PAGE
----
What is the meaning of “high public interest and national importance”? What is the difference between high public interest and average or normal public interest? Who is entitled to determine the existence and non-existence of high public interest in any given case? Is high public interest static, or does it fluctuate from time to time?

The proclamation fails to say.

Another issue is cassation over cassation. It is stated under the previous proclamation that the “interpretation of a law by the Federal Supreme Court rendered by the Cassation Division with not less than five judges shall be binding on Federal as well as regional council at all levels.”

This sweeping provision poses the most controversial constitutional issue: Cassation over Cassation. The main argument seems to have emerged from the very nature of federalism. Since the federal system of government envisaged under the Constitution allow state courts to provide a final decision for state matters and federal courts for federal matters, it will be unconstitutional for the Federal Supreme Court Cassation Bench to review a final decision by regional supreme court divisions

The new proclamation takes a drastic shift in this regard by curbing the power of the federal body to review regional cassation decisions only in restricted instances. This, at least, is commendable.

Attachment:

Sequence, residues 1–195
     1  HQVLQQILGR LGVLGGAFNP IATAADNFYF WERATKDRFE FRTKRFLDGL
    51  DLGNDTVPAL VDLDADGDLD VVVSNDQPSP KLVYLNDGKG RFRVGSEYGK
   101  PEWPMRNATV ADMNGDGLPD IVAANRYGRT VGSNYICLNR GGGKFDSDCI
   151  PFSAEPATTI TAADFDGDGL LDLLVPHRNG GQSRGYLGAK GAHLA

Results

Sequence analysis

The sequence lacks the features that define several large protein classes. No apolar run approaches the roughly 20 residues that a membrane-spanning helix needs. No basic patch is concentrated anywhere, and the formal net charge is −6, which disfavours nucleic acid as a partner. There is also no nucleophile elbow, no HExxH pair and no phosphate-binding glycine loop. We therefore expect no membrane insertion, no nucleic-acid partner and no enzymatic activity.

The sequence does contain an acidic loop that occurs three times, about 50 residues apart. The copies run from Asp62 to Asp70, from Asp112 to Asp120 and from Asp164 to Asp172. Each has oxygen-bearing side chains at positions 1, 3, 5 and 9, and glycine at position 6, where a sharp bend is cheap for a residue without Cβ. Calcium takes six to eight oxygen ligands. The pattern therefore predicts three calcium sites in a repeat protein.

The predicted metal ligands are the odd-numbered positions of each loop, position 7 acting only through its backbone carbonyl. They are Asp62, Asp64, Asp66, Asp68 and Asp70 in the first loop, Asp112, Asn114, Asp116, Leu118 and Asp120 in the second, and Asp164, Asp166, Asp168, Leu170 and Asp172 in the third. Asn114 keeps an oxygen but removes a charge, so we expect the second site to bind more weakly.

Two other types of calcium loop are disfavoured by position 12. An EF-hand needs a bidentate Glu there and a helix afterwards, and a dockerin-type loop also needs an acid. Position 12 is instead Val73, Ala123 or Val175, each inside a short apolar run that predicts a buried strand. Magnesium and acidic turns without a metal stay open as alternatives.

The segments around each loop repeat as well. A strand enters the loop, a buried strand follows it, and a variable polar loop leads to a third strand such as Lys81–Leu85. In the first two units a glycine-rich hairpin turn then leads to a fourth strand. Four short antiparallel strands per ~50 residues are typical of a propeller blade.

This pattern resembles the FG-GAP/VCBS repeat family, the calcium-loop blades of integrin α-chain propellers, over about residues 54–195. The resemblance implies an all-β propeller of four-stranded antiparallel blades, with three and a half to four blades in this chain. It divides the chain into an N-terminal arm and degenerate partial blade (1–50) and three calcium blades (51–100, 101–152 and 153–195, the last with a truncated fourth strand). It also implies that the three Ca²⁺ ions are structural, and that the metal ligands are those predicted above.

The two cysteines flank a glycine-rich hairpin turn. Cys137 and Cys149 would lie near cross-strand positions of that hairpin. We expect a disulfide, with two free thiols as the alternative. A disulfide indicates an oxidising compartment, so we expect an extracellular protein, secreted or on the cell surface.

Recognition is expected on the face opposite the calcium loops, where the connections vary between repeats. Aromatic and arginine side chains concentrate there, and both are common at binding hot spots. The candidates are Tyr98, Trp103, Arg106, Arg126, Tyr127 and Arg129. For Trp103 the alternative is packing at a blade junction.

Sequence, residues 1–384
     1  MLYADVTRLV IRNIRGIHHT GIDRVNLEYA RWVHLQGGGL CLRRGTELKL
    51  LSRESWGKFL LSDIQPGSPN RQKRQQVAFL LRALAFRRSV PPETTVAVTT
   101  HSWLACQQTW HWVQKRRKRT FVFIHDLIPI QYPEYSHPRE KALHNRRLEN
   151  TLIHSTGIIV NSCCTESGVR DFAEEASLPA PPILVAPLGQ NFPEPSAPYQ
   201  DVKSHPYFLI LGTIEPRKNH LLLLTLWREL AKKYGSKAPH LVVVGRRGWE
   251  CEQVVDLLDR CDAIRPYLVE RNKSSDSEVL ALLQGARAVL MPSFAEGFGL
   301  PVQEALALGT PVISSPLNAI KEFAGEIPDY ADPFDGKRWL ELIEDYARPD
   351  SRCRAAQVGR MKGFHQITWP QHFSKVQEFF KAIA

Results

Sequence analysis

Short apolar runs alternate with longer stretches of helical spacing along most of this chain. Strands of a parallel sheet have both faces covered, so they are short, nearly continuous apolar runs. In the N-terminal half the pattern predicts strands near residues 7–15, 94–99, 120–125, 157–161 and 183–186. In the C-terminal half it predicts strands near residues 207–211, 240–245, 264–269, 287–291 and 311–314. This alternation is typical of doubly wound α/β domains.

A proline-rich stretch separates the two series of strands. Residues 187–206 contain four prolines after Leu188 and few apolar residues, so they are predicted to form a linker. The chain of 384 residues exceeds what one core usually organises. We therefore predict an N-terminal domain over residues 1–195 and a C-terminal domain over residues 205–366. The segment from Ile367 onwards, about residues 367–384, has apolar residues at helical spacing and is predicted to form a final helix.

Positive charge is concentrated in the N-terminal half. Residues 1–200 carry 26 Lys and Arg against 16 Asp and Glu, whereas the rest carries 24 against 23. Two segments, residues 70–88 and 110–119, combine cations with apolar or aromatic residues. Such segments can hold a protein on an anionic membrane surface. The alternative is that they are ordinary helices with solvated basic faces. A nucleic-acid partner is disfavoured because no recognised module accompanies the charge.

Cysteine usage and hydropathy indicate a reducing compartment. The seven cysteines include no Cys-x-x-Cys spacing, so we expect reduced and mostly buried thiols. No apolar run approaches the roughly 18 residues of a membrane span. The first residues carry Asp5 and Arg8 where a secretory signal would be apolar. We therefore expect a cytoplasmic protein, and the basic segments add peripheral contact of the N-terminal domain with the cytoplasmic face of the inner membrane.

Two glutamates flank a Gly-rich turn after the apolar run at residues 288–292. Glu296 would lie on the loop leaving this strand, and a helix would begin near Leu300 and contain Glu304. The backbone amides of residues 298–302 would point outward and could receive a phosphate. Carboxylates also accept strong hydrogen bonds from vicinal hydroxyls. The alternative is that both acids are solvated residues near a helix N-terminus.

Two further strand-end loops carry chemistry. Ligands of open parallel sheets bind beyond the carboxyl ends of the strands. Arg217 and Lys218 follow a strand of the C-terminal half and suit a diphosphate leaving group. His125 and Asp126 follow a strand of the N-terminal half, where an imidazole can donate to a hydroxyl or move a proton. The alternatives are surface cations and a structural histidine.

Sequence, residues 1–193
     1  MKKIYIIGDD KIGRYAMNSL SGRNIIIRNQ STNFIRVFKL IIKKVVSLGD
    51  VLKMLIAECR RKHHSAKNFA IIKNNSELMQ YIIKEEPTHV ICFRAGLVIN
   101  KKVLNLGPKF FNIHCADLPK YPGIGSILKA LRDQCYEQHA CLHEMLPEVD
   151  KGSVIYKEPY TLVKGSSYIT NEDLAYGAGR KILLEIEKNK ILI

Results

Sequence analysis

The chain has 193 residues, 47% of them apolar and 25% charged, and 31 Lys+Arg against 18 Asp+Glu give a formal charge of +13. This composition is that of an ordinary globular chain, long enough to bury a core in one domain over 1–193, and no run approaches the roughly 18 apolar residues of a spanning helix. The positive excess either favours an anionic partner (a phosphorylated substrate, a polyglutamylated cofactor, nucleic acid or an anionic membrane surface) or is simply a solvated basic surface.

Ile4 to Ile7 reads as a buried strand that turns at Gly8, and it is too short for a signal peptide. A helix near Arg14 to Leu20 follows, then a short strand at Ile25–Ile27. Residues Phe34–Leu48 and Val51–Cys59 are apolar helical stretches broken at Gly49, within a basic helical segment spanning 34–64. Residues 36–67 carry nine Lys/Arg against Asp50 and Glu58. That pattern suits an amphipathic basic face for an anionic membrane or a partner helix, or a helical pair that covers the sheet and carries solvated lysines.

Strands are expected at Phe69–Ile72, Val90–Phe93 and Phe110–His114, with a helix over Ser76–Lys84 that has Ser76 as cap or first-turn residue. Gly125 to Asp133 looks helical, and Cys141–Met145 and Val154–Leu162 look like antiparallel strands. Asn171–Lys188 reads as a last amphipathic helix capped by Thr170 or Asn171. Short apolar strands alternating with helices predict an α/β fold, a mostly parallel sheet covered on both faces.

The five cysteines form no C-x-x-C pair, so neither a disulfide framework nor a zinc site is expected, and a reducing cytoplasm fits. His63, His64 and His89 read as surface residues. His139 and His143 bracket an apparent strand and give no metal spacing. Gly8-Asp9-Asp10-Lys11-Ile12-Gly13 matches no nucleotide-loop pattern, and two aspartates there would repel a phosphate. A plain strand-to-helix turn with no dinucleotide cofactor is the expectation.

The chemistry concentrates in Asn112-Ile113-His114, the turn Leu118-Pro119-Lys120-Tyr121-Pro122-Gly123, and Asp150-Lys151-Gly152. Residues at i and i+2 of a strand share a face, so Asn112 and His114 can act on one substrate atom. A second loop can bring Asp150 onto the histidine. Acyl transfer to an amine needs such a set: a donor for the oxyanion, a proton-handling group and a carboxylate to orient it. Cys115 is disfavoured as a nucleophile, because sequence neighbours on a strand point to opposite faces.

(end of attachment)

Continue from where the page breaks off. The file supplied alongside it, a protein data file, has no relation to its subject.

Yet another substantial change is the pecuniary jurisdiction of the Federal First Instance Court and Federal High Court. Under the old legal regime, the former is mandated to entertain cases that are not greater than half a million Birr and the latter was authorised to handle cases involving money greater than that. However, the new proclamation increases the pecuniary jurisdiction of the First Instance Court to 10 million Br.

No less critical is the introduction of court-annexed mediation (CAM). Among the cases that are to be heard by the First Instance and High Court shall be referred to CAM, the purpose of which is to increase access to justice for citizens and reduce case congestion.

Full and credit clause has likewise been introduced. This pertain to the recognition, acceptance and enforcement of the laws, orders, and judgments of another jurisdiction. The judgment receives the same effect in other sister states as in the region where it is entered. The absence of this doctrine was one of the legal predicaments that jeopardized the right of the citizen. However, the new proclamation indicated that the decisions or orders of the Federal Courts shall be executed within Ethiopia. Any government body or institution, non-government organization or person residing in any region shall have the obligation to execute or cause to be executed such decisions or orders.

The last but still significant change is the introduction of sort of amicus curiae - it is as a friend of the court, a passer-by who, when a judge is doubtful or mistaken, may inform the court. The Federal Supreme Court may establish an external advisory council composed of ex-judges of the Federal Courts, highly experienced and qualified legal professionals, and university professors that serve in the council for free. They, among other things, administer the court by providing non-binding recommendations.



PUBLISHED ON Jun 05,2021 [ VOL 22 , NO 1101]



Yehualashet Tamiru Tegegn (yehuala5779@gmail.com), adjunct lecturer at Addis Abeba University and an associate at MTA.